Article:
The Culture Crush
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T.R.O.G.

T.R.O.G.

written by Kara Mcginley

photographs by Annie Morton

When it comes to organized motor sports, the races and events that usually come to mind are Nascar, Talladega, Formula 1, and so on. But one you hear of less often is the unsung hero, 1950’s version of motorized sport racing – The Race of the Gentleman, held every summer on the sprawling, mile long beaches of Wildwood, New Jersey.

Many races are riddled with rules, from tire pressure to helmets to fire-proof suits to evacuation plans. But at The Race of The Gentleman (TROG), to quote the hot-rod driving Scorpions member in the movie Grease, “the rules are..there ain’t no rules.” With only one exception: each car or motorbike must be vintage. Which means yes, most do not have up-to-code seatbelts.

People spend months collecting old parts from chop shops and junkyards to make their car or motorbike perfect for the race. The founder of The Race of the Gentleman, Mel Stultz, told Rolling Stone, “[For the race] we pick the fastest, baddest, coolest bikes all across the world.”

Before the race starts, racers arrive with their vehicles for inspection. Except, it’s not the traditional racecar inspection where you’d check oil and tires. Here, the competitors are usually there to put finishing touches on their cars or bikes, to make final tweaks and tests, or sometimes to even completely assemble them on the spot.

 Annie Morton

Annie Morton

Since all the parts must be from the 1950’s or before, there is high risk of the vehicle stalling, or breaking down altogether. The TROG tribe often helps each other out, despite being competitors. It’s not uncommon to see another racer lend a helping hand when someone’s motorbike refuses to start.

Although the race is held in the summer months, when the average temperature is around 99 degrees Fahrenheit, the normal costume of a competitor is Pony Boy chic, or Danny Zuko-esque. The sun is beating down, the sand is scorching hot, and the engines are loud.

The race brings many bearded, tattooed faces to town, but don’t judge a book by its cover – these are some of the friendliest, most fun-loving people - gathered together over a common, yet extremely niche, bond.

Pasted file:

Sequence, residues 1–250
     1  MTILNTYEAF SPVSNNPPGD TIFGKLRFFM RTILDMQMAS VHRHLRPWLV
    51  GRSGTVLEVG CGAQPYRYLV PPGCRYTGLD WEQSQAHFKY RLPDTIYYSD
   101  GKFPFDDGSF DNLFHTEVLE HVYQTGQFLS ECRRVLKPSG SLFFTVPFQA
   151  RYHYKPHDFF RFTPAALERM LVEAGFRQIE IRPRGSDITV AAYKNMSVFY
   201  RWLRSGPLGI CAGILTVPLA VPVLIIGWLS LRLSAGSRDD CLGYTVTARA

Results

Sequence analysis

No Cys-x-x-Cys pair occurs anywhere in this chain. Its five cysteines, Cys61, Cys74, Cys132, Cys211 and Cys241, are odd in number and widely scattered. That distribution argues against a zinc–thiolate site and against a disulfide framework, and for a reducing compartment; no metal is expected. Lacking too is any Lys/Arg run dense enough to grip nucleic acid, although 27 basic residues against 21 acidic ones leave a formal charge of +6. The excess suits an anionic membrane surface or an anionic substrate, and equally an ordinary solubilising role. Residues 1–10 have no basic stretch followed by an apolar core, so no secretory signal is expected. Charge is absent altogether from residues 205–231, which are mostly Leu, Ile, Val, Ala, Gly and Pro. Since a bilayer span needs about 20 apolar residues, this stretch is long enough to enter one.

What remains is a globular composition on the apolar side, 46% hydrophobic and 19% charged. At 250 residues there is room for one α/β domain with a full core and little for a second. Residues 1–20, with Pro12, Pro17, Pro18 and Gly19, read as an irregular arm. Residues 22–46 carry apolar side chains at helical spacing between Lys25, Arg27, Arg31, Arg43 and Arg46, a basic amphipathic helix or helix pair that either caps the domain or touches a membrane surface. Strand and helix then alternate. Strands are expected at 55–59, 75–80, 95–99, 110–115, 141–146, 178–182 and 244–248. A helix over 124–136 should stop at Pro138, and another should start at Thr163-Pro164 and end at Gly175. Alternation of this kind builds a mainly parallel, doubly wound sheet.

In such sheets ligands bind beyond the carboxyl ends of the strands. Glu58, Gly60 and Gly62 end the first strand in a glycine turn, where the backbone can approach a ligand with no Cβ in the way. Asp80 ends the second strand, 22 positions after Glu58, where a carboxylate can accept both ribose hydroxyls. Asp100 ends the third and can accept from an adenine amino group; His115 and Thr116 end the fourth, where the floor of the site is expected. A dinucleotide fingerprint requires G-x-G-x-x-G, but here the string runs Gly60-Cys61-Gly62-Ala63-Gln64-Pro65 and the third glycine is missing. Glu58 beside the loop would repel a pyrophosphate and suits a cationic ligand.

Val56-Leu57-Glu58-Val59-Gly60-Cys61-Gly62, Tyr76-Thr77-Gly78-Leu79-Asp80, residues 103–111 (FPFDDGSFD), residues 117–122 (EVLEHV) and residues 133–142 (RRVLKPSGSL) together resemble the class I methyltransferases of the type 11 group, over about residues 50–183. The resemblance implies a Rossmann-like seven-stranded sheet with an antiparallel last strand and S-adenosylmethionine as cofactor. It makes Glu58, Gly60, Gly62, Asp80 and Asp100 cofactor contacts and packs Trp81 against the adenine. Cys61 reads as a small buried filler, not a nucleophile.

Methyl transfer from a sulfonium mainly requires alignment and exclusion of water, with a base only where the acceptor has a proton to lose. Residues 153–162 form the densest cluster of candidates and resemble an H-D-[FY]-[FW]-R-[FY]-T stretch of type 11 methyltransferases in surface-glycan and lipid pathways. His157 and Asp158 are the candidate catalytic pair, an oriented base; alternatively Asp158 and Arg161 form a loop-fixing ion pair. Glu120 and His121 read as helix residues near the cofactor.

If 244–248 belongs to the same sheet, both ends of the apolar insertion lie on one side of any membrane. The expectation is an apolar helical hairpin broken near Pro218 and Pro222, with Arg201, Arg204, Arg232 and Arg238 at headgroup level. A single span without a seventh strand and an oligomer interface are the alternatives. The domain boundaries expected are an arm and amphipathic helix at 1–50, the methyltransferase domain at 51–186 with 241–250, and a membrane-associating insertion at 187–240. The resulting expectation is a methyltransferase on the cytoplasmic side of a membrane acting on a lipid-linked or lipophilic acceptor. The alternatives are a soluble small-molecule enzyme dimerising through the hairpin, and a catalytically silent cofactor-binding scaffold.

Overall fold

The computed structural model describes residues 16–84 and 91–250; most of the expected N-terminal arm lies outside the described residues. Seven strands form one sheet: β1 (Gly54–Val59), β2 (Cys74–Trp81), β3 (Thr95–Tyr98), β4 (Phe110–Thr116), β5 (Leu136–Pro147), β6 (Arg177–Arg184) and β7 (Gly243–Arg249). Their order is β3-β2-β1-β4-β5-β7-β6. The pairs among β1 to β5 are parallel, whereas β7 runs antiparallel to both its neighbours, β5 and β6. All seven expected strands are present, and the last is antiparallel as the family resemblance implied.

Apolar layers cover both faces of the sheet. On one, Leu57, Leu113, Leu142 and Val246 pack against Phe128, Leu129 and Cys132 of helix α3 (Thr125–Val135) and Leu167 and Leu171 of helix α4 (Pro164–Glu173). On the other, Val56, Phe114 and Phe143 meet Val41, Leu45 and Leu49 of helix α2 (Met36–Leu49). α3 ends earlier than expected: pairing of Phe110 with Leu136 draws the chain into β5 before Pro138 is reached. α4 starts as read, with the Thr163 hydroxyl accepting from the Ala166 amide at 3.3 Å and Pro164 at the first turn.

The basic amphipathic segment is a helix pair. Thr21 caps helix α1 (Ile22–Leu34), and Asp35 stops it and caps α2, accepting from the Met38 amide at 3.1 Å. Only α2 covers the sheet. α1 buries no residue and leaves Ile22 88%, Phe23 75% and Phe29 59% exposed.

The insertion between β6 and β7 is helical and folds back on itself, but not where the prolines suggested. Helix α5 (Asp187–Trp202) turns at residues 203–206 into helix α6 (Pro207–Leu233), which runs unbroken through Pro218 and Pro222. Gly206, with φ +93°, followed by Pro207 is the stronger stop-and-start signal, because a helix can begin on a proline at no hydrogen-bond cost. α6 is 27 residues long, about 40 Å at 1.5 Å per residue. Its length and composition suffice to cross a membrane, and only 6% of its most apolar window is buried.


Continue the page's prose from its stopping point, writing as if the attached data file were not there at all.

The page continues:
Despite the name, it’s not just for men, women compete right alongside them, soaring through the blinding sunlight and giving it their all to win the TROG Cup and of course, bragging rights. The beaches line up with crowds of 10,000 plus family members, friends, and fans facing the heat to cheer on their racers.

 Annie Morton

Annie Morton

Even when there is a massive race happening, Wildwood doesn’t close down its beaches to the public. It’s very much the Jersey Shore That Never Sleeps in that sense. You probably know Wildwood beach from the viral YouTube video, but it’s so much more than that horrific scene, and truly much more than just a beach at the Jersey Shore. Containing less Guidos than its Northern Jersey Beach cousin Seaside Heights, and less goody-two shoes than it’s absolutely-no-alcohol-permitted-this-is-a-dry-island, kid sister Ocean City, NJ. Wildwood is a Jersey Shore of its own accord.

 Annie Morton

Annie Morton

A normal day out in Wildwood is a 365-day carnival anywhere else. Meaning, it’s a constant, ongoing festival in every sense of the word. The boardwalk is the epicenter of Wildwood. It has more amusement park rides than any other Jersey Shore boardwalk. Rollercoasters, Ferris Wheels, Tilt-a-Whirls, Soaring Swings, Gravitrons, oh my! And it is jam packed with food stands. Do you want a fried Oreo? What’s a fried Oreo? Just try it. Funnel cake? Curly fries? Cobb Salad? You got it! The tram-car is like Wildwoods extra-long magic carpet, taking tanned bodies, both big and small, wherever their heart desires (as long as it’s on the two miles stretch of the boardwalk, which safe bet, it is).

Despite all the wholesome family fun, it is also a place where you can be underage and slip the tattoo artist an extra $20 to get that butterfly tattoo on your hip that you will surely regret. And though the city has been desperately trying to shed this reputation, it’s a place where you can get drunk with a fake ID, which makes it a popular destination for high school senior week trips. While walking the boardwalk, you are likely to see a group of 20-somethings stumbling out of a bar, just to walk five feet and see a child winning a stuffed animal from scoring the most baskets at the arcade.

 Annie Morton

Annie Morton

Wildwood is mostly filled with people fleeing the blacktop streets of Philadelphia, but there are also herds of locals, a handful of New Yorkers, and a few others who find home on the wayward, scenic shores. During the 60’s to 80’s, Wildwood was the place to be if you wanted to catch some good live music and dance. Bands like Four Seasons would just waltz in if they wanted to practice a few new tunes. It had a thriving nightclub scene for a while, but most of those places have turned into restaurants and bars in an effort to clean up Wildwoods name.

That being said, die-hard Wildwooders, those who have been coming to the beach since they were kids, the people who wouldn’t dare miss the Polar Bear Plunge in the winter or Irish Weekend in the early fall, wouldn’t want to be anywhere else. They shrug at the fancy clubs of Atlantic City and the 3,000 capacity bars in Belmar. In Wildwood, they have all they need. There’s a new event every day and the du-wop, bright colored motels and houses are comforting. You can’t beat tradition, and despite times changing and the city transitioning into a mildly tamer version of itself, to many, Wildwood is still home, which to them, is still the place to be.